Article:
Manama: For most Bahrainis, Ramadan, the month of fasting, is closely associated with the plethora of food that families invariably set on their table when they break the fast or as they while the evening away.
The paradox is part of the local culture that encourages people to reward themselves for a day of fasting with the best culinary delights they can savour.
Ramadan does remain a month of intense spirituality, pious commitments and charitable action.
It is also a month to deepen family ties and strengthen bonds with friends through the nightly vibrant majlises across the country.
Yet, the culinary dimension is also highly significant for families, especially women, who devote time and energy to prepare the best dishes they could.
Such dishes are often seen as rewards for those who successfully spent the day, from dawn till dusk, without food or drink.
And, in the typical mindset, rewards have to be the best possible.
Thareed, the special combination of meat, vegetables, traditional bread and Arabic spices, is the main staple of a typical Bahraini Iftar.
Its carbohydrates, fibres, proteins and starches make it the heathy dish of choice, although its popularity is inexorably diminishing among the younger generation.
Then, there is the equally famous Harees, the dish of boiled, cracked or coarsely-ground wheat, mixed with meat, kebabs and appetizers.
Some families here take a break, and the men opt to go to perform the Maghreb prayers that are exceptionally delayed by 10 minutes to allow people time to break their fast.
For some families, it is a collective prayer at home for both men and women.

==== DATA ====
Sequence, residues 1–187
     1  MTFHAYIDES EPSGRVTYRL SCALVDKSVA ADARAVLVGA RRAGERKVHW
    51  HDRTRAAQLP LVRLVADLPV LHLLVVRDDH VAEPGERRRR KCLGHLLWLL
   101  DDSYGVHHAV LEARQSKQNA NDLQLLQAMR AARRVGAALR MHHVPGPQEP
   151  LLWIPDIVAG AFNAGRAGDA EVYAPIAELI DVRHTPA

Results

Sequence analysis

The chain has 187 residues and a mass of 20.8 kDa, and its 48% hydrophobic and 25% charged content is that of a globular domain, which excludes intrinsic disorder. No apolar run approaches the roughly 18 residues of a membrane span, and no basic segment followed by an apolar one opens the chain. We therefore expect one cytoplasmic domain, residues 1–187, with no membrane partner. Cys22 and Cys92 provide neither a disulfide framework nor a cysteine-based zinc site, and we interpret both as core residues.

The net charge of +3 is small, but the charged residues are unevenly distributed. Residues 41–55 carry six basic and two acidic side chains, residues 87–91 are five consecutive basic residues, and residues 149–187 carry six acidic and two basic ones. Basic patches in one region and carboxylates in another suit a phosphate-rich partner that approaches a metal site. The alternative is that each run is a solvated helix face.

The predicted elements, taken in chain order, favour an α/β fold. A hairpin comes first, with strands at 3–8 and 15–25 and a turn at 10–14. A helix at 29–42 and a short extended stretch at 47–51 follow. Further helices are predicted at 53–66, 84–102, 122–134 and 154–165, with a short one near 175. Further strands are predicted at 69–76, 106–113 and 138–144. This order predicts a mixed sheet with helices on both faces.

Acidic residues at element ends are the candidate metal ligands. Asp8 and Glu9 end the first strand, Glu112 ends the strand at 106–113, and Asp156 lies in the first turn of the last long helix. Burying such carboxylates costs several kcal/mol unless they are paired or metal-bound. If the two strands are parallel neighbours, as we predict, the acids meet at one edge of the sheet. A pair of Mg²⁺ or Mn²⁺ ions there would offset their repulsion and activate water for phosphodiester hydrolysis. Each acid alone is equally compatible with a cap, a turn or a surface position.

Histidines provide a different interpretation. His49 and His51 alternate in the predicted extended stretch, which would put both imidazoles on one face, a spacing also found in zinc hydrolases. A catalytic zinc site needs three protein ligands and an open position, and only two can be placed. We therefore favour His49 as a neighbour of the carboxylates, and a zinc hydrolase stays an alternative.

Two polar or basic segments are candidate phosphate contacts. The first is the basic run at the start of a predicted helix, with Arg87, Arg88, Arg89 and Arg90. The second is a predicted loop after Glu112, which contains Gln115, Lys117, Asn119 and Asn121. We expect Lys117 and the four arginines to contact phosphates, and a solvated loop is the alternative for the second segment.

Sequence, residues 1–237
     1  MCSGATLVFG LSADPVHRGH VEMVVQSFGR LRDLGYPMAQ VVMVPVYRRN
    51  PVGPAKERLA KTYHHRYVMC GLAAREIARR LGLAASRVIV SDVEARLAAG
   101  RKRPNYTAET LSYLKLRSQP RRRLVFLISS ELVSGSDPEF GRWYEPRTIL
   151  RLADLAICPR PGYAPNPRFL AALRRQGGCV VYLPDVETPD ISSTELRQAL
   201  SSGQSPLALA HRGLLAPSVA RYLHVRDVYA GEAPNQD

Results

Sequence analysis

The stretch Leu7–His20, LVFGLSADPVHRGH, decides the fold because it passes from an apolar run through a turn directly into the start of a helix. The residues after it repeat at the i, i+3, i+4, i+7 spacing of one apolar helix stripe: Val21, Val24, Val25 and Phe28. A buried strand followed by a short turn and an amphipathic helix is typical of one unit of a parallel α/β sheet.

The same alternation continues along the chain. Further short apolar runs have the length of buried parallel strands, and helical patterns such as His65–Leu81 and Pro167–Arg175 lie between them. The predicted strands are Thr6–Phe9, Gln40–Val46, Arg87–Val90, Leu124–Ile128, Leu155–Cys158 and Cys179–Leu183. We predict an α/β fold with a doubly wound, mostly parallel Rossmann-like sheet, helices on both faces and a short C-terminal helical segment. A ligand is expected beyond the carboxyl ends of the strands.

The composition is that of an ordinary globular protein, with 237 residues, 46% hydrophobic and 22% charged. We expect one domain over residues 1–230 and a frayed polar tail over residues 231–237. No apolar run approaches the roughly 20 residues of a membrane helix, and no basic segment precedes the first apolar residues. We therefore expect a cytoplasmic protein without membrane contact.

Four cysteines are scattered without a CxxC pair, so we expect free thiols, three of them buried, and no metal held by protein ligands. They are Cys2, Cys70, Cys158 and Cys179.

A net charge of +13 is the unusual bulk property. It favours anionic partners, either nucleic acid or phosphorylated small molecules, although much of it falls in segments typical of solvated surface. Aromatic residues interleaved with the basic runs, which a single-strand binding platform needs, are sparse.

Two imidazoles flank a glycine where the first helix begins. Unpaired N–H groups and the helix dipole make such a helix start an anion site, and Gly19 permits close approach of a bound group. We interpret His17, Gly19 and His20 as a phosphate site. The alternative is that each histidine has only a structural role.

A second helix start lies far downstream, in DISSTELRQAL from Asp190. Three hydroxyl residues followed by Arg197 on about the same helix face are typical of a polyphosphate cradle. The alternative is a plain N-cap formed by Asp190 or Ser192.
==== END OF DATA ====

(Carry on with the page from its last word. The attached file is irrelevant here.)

Following the prayers, the family is back around the table.
The main dish is often a family choice, but rice is always one spoon away, omnipresent.
A Bahraini family, like counterparts in other Gulf countries, enjoys eating rice under different names, depending on the ingredients and the degree how they are cooked.
Some families opt for Biryani, while others prefer Machboos, Mandi or Ghouzi.
Bahraini Halwa, proud of the strong sweets tradition it has asserted in the Arabian Gulf and well beyond, flavours the evening.
Other sweets include khanfaroosh, the fried saffron and cardamom cakes, and sago, the sweet pudding.
Then, it is time to rest either by watching television or, the sign of the new age, by surfing through mobiles and tablets
Following the Isha (evening) and the Taraweeh (extra prayers), Bahrain is back to its vibrant way of life.
The majlis of Nabil Al Hamar, Media Advisor to King Hamad, brings together ministers and media figures
Majlises are the main destination for men keen on seeing relatives and sharing anecdotes with friends.
For less formal gatherings, majlises offer a chance to many young men play games while sharing stories and jokes.
For many women, the traditional Suq in the heart of Manama is a golden opportunity.
Taking advantage of the cooler weather, they prefer to do their shopping ahead of the Eid days in the evening.
They feel that after hours spent preparing food and looking after everyone’s comfort, it is time for them to indulge in less strenuous action.
Ghabga, the usual late dinner, is no longer a family affair and it is mainly used by companies to bring their staff together for an evening of fun and prizes.
Usually held in hotels.
Ghabgas comprise regular foods and often international cuisine.
However, a traditional ghabga should include the inevitable Muhammar rice with the much sought-after Safi (rabbitfish). .
The day ends with the Suhoor when families get again together for their pre-dawn meal.
However, this time, food is much lighter to ensure that stomachs the next days are not upset.
In some neighbourhoods, Musahhirs remain another grand feature of Ramadan. They are men who walk down the streets, beating drums to wake people up and encourage them to eat something and drink water before they start their fast.